I use a mini tape recorder during my test drives to note any problems or concerns, as well as to record my thoughts and
observations about the truck.

6. Don’t trust your memory. The recordings—along with the notes and comments made on my inspection checklists—are a great help in narrowing the search and comparing several trucks that I’m seriously considering.

It is best to not trust your memory. With the passage of time, and after looking at several trucks, it’s often difficult to remember the particulars of each one.

7. Request a walkaround. When you decide upon a truck, have the salesperson conduct a complete walkaround to familiarize yourself with the vehicle. Have him or her point out the truck’s various features and explain the function of each switch, control and gauge.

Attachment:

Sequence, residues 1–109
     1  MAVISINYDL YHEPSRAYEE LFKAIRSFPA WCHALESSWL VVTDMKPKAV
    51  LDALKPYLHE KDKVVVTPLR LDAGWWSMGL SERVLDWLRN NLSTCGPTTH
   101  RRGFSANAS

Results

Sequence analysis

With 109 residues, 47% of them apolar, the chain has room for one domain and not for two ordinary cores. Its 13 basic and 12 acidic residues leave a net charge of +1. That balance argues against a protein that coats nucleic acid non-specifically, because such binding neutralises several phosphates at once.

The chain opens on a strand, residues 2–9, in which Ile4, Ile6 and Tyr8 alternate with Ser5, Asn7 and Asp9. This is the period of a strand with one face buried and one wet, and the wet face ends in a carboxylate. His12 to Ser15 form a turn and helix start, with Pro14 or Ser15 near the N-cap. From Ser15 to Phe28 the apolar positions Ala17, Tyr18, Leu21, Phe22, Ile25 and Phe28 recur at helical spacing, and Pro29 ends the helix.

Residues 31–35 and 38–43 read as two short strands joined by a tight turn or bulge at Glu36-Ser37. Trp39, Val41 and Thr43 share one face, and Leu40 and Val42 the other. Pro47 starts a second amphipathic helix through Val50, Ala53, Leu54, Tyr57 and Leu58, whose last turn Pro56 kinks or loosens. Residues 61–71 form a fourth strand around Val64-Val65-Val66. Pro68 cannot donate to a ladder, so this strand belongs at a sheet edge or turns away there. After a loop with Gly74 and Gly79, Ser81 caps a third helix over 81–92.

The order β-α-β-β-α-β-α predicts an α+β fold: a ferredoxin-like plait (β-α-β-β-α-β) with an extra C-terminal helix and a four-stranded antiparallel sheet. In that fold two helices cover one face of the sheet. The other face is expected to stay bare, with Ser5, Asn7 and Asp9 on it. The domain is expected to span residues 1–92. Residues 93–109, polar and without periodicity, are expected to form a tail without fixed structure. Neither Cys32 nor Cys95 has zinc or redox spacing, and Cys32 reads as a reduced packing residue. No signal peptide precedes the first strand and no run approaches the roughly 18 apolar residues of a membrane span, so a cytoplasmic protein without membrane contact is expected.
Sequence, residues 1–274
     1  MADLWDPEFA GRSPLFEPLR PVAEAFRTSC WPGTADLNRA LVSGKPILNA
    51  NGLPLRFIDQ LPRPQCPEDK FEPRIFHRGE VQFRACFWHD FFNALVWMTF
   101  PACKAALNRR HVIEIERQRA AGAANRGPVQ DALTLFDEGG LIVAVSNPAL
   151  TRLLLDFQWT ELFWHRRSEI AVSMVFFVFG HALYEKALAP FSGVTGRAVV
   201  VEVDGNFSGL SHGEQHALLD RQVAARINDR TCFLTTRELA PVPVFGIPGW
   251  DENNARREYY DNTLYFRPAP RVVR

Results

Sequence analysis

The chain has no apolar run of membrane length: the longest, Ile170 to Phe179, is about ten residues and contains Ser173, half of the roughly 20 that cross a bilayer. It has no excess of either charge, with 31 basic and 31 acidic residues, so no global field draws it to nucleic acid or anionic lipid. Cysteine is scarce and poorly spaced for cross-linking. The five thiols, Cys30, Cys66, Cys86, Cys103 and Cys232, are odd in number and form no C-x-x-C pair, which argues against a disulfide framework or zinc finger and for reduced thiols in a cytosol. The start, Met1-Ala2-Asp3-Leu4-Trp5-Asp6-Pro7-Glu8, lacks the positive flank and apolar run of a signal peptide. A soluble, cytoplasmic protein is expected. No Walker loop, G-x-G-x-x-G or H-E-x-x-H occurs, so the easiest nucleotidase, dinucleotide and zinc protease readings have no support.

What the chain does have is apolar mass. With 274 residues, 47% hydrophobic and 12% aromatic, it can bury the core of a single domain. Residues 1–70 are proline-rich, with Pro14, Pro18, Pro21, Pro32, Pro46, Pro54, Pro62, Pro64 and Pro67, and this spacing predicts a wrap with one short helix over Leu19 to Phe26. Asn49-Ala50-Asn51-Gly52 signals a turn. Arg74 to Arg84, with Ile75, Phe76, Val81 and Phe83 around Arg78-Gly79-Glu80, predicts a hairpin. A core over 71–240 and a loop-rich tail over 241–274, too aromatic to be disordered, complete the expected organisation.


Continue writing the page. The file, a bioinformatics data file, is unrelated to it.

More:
The walkaround is also the ideal time to have the salesperson explain the truck’s maintenance requirements. The original manufacturer of the truck and its major components can also provide relevant information.

8. Set a PM (preventive maintenance) schedule. Good maintenance practices are essential as they help eliminate avoidable problems. Making a repair during a scheduled PM is considerably less time consuming, aggravating and costly than requiring emergency service for an on-the-road breakdown.

I work with my used truck salesperson to create a regular maintenance program and schedule. The best advice one salesperson gave me was to start setting money aside every month for the inevitable maintenance and repairs.